At the Mountains of Madness isn't an easy read, and even for Lovecraft it is more verbose than his other works. I agree it can make for tedious reading sometimes, especially if you've just had a mentally exhausting day.

Still, the level of detail he goes to in describing the Antarctic expedition is impressive and I quite enjoyed the sense of foreboding dread he builds the story up to which encompasses the remote location, the finite resources of the explorers and the ignorance of what they really face.

Guillermo del Toro has stated he wants to make a film of it. Hope it goes ahead. If anyone can handle Lovecraft on film it is he.


The suggestions that people have given you are rather "advanced", IMO. If you are a major sci-fi/horror fan and very experienced in reading this genre, then yes, you will enjoy them. As a young teen, my husband loved "Dream Quest of Unknown Kadeth," and also Lovecraft's poems. As an adult, I still find these pieces difficult to settle down and read. They have a lot of atmosphere, but not enough plot.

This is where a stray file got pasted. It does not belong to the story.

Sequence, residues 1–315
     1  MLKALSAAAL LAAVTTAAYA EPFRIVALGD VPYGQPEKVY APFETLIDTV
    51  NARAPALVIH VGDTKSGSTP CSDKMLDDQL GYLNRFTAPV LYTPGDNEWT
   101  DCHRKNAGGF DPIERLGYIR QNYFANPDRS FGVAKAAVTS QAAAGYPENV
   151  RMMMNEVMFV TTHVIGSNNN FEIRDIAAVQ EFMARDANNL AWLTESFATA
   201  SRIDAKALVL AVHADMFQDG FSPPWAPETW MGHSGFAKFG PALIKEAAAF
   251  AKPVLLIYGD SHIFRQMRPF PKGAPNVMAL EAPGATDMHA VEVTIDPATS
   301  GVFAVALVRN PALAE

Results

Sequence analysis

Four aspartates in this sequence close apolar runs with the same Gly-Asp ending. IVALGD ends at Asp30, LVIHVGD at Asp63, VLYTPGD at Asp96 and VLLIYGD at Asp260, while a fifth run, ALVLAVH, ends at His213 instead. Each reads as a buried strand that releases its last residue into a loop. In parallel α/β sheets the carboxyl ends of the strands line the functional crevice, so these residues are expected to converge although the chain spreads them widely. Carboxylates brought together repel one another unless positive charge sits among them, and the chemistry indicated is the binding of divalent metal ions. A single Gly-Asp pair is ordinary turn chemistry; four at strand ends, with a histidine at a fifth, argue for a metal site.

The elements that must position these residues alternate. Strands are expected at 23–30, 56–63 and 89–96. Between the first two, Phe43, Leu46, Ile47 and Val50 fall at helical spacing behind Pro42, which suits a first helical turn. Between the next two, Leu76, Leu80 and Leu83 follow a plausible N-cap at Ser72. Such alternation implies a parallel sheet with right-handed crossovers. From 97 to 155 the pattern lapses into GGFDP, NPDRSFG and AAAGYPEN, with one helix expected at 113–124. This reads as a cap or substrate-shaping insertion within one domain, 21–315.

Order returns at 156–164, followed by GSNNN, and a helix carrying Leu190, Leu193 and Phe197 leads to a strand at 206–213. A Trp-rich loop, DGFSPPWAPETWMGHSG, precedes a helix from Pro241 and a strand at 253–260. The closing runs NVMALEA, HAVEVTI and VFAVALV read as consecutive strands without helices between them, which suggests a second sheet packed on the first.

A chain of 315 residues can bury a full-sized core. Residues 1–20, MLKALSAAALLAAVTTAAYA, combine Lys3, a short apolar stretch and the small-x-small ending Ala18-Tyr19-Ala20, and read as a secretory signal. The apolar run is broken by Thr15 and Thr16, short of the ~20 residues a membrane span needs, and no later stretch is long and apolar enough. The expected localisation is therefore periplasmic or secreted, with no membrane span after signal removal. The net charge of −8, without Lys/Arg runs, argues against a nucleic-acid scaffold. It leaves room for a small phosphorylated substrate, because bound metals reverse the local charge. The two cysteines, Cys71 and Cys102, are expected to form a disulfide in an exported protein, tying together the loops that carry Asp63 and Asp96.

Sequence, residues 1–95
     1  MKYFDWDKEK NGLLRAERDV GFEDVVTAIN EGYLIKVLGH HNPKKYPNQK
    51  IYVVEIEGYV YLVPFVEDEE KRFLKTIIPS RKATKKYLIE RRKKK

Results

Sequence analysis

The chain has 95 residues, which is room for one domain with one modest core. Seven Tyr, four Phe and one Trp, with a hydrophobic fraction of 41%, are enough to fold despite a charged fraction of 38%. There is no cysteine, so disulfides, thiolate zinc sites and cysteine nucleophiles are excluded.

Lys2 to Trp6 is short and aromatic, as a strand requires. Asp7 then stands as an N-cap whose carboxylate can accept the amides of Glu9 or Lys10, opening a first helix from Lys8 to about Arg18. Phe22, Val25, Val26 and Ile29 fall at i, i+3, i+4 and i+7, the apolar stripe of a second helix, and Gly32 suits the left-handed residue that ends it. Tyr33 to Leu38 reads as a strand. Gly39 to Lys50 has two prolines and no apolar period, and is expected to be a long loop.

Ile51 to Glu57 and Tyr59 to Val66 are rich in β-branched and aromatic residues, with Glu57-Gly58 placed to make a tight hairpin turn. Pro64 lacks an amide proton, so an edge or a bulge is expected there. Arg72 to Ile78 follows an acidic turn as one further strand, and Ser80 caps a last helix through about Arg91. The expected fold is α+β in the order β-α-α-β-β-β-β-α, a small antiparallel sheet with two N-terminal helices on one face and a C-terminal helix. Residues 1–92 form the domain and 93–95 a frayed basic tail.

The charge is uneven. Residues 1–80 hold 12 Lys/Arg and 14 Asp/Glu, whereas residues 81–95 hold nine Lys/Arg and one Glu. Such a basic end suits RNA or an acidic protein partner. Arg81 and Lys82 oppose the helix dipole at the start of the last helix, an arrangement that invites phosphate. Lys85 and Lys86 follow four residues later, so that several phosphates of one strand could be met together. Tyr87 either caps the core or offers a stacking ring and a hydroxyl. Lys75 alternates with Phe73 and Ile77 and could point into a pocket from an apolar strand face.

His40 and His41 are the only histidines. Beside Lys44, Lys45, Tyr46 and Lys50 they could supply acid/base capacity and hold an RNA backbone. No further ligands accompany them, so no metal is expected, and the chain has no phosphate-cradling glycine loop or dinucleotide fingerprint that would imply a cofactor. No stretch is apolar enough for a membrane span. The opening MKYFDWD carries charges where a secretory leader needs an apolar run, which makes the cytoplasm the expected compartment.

Also, there are a couple of ways to approach Lovecraft. Many people take pleasure in getting involved in the whole "Cthulhu Mythos" thing, and devour the entire body of literature. For them, it's like a scary version of Society of Creative Anachronisms," an "alternative world" that they can play around with.

You can certainly do that if you enjoy role-playing and that kind of thing. My husband enjoys Lovecraft in this way.

But another way to approach Lovecraft is to keep the Mythos in the back of your mind, but enjoy the stories as individual tales. Yes, many of Lovecraft's stories are part of the Mythos and contain hints of Cthulhu and the Old Ones and the Deep Ones. But they are still good stories even if you have no clue about the Mythos and all the connections. I personally enjoy reading Lovecraft like this.